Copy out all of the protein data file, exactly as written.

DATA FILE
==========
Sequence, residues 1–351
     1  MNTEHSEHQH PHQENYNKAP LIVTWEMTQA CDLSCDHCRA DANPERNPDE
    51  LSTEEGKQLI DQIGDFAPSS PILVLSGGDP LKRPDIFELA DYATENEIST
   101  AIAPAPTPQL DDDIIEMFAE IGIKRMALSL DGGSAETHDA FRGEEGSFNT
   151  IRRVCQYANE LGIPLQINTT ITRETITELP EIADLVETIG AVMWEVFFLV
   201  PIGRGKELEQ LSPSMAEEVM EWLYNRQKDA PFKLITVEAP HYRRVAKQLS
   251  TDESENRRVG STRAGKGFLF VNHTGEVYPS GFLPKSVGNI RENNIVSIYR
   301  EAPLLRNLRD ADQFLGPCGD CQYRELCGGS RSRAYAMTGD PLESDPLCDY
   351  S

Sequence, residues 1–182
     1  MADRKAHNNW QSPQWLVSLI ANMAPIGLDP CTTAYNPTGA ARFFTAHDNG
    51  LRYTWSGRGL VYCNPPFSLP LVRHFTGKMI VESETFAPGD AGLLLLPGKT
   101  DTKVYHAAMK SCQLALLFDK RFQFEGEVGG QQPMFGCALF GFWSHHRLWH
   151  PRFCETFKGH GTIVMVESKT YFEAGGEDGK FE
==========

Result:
Sequence, residues 1–351
     1  MNTEHSEHQH PHQENYNKAP LIVTWEMTQA CDLSCDHCRA DANPERNPDE
    51  LSTEEGKQLI DQIGDFAPSS PILVLSGGDP LKRPDIFELA DYATENEIST
   101  AIAPAPTPQL DDDIIEMFAE IGIKRMALSL DGGSAETHDA FRGEEGSFNT
   151  IRRVCQYANE LGIPLQINTT ITRETITELP EIADLVETIG AVMWEVFFLV
   201  PIGRGKELEQ LSPSMAEEVM EWLYNRQKDA PFKLITVEAP HYRRVAKQLS
   251  TDESENRRVG STRAGKGFLF VNHTGEVYPS GFLPKSVGNI RENNIVSIYR
   301  EAPLLRNLRD ADQFLGPCGD CQYRELCGGS RSRAYAMTGD PLESDPLCDY
   351  S

Sequence, residues 1–182
     1  MADRKAHNNW QSPQWLVSLI ANMAPIGLDP CTTAYNPTGA ARFFTAHDNG
    51  LRYTWSGRGL VYCNPPFSLP LVRHFTGKMI VESETFAPGD AGLLLLPGKT
   101  DTKVYHAAMK SCQLALLFDK RFQFEGEVGG QQPMFGCALF GFWSHHRLWH
   151  PRFCETFKGH GTIVMVESKT YFEAGGEDGK FE